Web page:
# How to find the norm of this bounded linear functional?

Let $C^\prime[a,b]$ denote the normed space of all continuously differentiable real (or complex) valued functions defined on the closed, bounded interval $[a,b]$ in $\mathbf{R}$ with the norm defined by $$||x||:= \max_{a \leq t \leq b} |x(t)| + \max_{a \leq t \leq b} |x^\prime(t)|$$ for all $x$ in $C^\prime[a,b]$, and let $f$ be the functional defined by $$f(x):=x^\prime(t_0)$$ for all $x$ in $C^\prime[a,b]$, where $t_0$ is an arbitrary but fixed point in $[a,b]$. Now $f$ is a bounded linear functional. How to compute the norm of $f$, and what is this norm?

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Since for all $x\in C^1[a,b]$ we have $|f(x)|=|x'(t_0)|\leq \|x\|$ it follows that $\|f\|\leq1$.

In order to prove that in fact $\|f\|=1$ we may assume $a\leq0\leq b$ and $t_0=0$. Consider the functions $$x_n(t):={t\over 1 + n^2 t^2}\ .$$ Then $$x_n'(t)={1-n^2 t^2\over (1+n^2 t^2)^2}\ ,$$ and it is easy to see that $|x_n'(t)|\leq x_n'(0)=1$ for all $t\in\Bbb R$. Furthermore we can deduce that $|x(t)|$ takes its maximum value ${1\over 2n}$ at $t=\pm{1\over n}$. It follows that for sufficiently large $n$ we have $$\|x_n\|=1+{1\over 2n}\ ,$$ so that $f(x_n)=x_n'(0)=1$ implies $$\lim_{n\to\infty}{|f(x_n)|\over\|x_n\|}=1\ ,$$ as claimed.

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I might be missing something, but try this approach $$\left \| f \right \| = \sup_{\left \|x\right\|=1} \left |f(x) \right | = \sup_{\left \|x\right\|=1} \left | x'(t_0) \right | = \sup_{\left \| x \right \|=1}\max \left | x'(t)\right | = \sup_{\left \| x \right \|=1} \left (1-\max\left | x(t)\right |\right) = 1$$

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How to arrive at the third equality? – Saaqib Mahmuud Feb 23 '13 at 9:28
I believe from the fact that $\left | x'(t_0)\right | \le \max \left| x'(t)\right |$ and definition of $\sup$ – Kaster Feb 23 '13 at 9:51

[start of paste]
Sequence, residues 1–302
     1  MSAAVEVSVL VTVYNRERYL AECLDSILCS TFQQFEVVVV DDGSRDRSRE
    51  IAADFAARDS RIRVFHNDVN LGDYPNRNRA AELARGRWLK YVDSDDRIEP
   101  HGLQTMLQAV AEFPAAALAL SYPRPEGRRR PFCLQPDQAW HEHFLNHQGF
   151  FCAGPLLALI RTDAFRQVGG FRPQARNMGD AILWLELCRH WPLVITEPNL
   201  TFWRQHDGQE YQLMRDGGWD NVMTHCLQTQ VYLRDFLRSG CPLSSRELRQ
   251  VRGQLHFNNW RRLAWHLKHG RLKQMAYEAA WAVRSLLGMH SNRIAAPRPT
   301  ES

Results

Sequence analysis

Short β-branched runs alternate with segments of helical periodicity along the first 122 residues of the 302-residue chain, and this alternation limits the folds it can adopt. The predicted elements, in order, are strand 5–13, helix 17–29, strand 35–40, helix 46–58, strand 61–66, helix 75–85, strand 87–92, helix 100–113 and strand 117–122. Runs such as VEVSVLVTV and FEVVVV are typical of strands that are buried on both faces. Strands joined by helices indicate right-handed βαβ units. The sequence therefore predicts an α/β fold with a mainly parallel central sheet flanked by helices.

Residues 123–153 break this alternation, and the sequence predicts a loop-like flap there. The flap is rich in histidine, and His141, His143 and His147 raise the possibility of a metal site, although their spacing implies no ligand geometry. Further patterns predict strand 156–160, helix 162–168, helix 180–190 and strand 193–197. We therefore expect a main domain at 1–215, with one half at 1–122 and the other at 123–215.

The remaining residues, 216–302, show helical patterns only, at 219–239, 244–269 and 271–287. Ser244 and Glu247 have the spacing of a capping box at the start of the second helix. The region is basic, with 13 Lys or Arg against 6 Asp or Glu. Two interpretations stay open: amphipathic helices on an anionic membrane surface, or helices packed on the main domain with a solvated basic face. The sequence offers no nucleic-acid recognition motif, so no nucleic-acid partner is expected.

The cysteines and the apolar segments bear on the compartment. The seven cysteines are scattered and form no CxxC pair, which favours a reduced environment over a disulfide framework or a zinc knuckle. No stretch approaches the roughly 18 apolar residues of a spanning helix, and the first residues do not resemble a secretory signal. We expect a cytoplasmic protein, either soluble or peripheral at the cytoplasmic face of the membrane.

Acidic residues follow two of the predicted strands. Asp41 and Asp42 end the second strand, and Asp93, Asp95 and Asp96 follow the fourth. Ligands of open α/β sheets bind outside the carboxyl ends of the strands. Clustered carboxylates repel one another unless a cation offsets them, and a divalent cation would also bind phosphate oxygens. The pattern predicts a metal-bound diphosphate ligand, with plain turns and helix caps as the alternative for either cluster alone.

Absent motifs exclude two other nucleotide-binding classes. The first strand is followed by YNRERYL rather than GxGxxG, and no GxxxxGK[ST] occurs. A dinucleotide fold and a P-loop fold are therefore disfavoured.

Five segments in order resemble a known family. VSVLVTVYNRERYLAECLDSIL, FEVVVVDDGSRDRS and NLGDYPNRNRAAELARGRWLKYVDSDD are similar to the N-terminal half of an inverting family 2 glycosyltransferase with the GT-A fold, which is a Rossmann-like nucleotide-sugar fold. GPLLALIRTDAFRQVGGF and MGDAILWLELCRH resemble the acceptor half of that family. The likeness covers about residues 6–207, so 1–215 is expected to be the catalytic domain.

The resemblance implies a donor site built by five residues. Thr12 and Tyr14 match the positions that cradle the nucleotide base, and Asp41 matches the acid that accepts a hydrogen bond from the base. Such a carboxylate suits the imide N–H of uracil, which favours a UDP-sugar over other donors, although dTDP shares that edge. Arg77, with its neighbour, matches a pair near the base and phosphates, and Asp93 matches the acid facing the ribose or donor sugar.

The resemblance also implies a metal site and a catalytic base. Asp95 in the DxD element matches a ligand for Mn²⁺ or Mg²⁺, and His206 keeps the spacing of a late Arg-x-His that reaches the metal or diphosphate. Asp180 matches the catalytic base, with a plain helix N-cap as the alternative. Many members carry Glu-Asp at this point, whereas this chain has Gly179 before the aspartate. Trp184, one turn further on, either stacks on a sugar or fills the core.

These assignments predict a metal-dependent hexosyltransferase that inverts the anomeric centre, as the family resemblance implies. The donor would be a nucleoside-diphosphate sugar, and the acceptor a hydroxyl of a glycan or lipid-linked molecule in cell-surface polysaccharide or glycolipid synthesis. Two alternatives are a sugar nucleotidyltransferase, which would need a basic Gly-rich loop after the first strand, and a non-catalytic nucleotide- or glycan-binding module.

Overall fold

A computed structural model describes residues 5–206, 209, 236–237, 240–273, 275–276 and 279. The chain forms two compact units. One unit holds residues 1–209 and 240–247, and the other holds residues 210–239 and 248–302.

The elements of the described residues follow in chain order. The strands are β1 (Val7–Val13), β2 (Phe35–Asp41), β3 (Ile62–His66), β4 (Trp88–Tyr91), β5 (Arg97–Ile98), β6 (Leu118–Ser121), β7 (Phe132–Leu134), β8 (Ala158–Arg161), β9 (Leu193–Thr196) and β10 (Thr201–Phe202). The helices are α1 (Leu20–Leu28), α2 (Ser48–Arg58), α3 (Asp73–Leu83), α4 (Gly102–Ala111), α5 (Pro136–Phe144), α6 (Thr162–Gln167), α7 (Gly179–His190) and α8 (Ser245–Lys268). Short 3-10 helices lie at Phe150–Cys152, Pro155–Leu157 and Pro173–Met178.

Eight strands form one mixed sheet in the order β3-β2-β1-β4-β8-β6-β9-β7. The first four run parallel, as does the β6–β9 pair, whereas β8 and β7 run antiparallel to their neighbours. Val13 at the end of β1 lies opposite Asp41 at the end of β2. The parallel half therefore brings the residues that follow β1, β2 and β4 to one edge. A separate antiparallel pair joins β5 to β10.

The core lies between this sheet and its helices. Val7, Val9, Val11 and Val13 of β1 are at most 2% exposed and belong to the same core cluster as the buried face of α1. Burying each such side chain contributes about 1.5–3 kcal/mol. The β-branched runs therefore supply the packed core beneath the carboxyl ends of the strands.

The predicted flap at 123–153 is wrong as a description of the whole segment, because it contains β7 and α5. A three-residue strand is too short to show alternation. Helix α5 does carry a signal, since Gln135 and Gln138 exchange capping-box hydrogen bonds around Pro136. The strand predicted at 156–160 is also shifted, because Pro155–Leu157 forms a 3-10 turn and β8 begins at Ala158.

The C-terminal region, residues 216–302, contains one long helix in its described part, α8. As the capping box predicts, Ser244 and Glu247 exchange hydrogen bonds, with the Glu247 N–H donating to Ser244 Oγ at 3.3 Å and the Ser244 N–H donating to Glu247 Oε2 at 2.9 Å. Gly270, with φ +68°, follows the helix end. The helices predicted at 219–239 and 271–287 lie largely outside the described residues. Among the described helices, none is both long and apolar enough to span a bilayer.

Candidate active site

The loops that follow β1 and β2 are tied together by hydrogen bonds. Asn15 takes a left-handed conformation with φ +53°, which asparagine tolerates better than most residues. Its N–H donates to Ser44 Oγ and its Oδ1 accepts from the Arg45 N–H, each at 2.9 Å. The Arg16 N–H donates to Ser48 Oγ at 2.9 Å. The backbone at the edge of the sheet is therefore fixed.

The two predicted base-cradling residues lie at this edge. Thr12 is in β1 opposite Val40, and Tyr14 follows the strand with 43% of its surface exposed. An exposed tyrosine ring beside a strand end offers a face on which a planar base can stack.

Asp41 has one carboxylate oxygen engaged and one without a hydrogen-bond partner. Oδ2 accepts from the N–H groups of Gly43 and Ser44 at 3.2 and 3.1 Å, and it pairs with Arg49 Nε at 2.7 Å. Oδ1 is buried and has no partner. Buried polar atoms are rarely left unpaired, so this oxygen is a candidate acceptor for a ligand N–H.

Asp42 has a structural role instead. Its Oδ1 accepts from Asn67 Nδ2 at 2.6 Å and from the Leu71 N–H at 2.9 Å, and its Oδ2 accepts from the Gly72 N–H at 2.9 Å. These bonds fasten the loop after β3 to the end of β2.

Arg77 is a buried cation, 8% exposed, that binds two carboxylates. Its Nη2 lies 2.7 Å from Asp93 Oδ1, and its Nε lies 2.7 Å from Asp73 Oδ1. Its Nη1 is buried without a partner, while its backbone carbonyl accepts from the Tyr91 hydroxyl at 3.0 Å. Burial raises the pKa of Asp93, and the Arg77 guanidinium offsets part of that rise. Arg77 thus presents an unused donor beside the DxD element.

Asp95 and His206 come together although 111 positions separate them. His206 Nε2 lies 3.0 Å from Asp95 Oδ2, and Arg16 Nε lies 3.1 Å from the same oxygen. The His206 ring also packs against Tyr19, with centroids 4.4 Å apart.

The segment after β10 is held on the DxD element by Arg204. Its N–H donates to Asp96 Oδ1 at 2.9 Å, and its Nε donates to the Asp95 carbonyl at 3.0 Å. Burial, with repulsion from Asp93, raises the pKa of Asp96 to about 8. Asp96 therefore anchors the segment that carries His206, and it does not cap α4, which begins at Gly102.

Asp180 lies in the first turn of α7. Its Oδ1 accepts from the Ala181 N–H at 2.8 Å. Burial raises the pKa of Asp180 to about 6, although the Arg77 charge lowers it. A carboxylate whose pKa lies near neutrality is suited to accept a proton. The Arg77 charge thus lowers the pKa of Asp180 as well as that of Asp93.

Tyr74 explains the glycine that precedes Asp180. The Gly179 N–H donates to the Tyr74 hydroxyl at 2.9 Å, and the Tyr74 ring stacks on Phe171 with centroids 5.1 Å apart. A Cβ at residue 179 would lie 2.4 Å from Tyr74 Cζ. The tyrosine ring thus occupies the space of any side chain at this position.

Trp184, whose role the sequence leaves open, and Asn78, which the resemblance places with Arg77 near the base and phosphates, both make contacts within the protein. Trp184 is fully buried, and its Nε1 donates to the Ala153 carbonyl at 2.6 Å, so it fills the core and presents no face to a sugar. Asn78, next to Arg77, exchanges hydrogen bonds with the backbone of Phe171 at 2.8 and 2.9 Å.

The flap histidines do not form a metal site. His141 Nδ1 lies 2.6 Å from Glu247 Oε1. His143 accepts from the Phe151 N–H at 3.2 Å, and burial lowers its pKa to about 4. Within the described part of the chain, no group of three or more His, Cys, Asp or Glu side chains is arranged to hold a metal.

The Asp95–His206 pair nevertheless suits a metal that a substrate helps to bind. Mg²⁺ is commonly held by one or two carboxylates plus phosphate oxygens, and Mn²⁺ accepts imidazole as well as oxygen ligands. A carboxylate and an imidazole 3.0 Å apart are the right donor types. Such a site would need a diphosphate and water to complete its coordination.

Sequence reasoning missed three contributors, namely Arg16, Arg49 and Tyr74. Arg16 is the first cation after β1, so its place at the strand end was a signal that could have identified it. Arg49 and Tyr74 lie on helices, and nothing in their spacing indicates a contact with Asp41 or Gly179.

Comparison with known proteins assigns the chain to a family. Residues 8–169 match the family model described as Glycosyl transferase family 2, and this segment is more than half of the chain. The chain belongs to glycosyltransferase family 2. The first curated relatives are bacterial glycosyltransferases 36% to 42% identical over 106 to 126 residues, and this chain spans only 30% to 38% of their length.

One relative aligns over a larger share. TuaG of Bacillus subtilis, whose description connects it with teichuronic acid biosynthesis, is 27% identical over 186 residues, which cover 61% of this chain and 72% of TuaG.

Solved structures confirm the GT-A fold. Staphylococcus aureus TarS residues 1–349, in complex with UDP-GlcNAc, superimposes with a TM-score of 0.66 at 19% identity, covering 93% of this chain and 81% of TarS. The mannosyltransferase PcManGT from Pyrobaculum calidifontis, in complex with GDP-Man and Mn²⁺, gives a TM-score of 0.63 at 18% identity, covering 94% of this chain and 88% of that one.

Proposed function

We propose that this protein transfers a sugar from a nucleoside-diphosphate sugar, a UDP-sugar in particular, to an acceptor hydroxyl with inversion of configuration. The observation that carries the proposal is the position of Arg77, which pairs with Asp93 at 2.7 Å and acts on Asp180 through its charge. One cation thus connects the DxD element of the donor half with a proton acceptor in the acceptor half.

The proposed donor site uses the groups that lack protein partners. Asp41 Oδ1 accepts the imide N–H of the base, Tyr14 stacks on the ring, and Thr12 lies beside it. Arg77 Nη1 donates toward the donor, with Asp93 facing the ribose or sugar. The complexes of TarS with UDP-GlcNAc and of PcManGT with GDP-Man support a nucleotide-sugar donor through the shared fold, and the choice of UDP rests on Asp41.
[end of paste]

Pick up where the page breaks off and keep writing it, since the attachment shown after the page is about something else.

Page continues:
Since $\|x\|=1$ ensures $|x(t_0)|+|x'(t_0)|\leq 1$, then $|x'(t_0)|\leq 1$ so that $$\|f\|\leq 1$$ To show that $\|f\|=1$ it suffices to find a function $x(t)$ s.t. $\|x\|=1$, $x(t_0)=0$ and $|x'(t_0)|=1$, i.e. such that $|f(x)|=1$. Can you define one such $x(t)$ explicitly?

EDIT:

Such a function $x(t)$ can be found by suitably convolving a suitable function: finding one requires a bit of work, but it is trivial that one such exists.

Define $$\xi(t) ~=~ \textstyle { \begin{cases} -\frac12 & \text{for } ~~ t\in [\,a,\,t_0\,) \\ +\frac12 & \text{for } ~~ t\in [\,t_0,\,b\,] \end{cases} }$$ Clearly $\xi\notin\mathcal C'[a,b]$. To make it regular, for $\varepsilon\in(0,1]$ let us define $$x_\varepsilon (t) = \rho_\varepsilon*\xi(t)$$ where $\rho_\varepsilon$ is a symmetric mollifier required to satisfy some properties we are about to state, and $*$ denotes the convolution. By symmetric we mean that $\rho_\varepsilon(-x)=\rho_\varepsilon(x)$. Now, for any $\varepsilon$ this properties hold:

1. $x_\varepsilon\in\mathcal C'[a,b]$ (to be more specific, $x_\varepsilon\in\mathcal C^\infty[a,b]$)
2. $x_\varepsilon'(t)=\rho_\varepsilon'*\xi(t)$ and $\|x_\varepsilon\|_\infty=|x_\varepsilon'(t_0)|$ (by anti-symmetry of $\rho_\varepsilon'$ and of $\xi$ around $t_0$)
3. $\|x_\varepsilon\|_\infty\leq\|\xi\|_\infty=\frac12$;
4. $x_\varepsilon(t_0)=0$ (by symmetry of $\rho_\varepsilon$ and anti-symmetry of $\xi$ around $t_0$);

To sum up, you have a smooth function $x_\varepsilon(t)$ with $x_\varepsilon(t_0)=0$ and whose (absolute value of the) derivative has maximum in $t_0$. In particular, by property (2.), $f(x_\varepsilon)=x'_\varepsilon(t_0)=\int_0^\varepsilon \rho_\varepsilon(s)\,{\rm d}s$. Choose $\varepsilon$ so that that quantity equals $1$ and you have $f(x_\varepsilon)=1$ and $\lambda \,\dot=\,\|x_\varepsilon\|=\|x_\varepsilon\|_\infty+\|x_\varepsilon'\|_\infty \geq 1$. (I believe $\|x\|=1$ but I am not sure...)

Shrinking $x_\varepsilon$ vertically by $\lambda$ and horizontally around $t_0$ by $\lambda^{-1}$, i.e. considering $$X(t) ~:=~ \lambda x_\varepsilon(t_0+\lambda^{-1}(t-t_0))$$ gives you $X(t)\in\mathcal C'[a,b]$ with $\|X\|=1$ and $f(X)=1$.

Surely there are simpler ways to find such an $X$...

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I'm afraid not. Perhaps we can make use of the sines and cosines, or perhaps the dirac delta function at $t_0$, about which I can recall very little. – Saaqib Mahmuud Feb 23 '13 at 9:03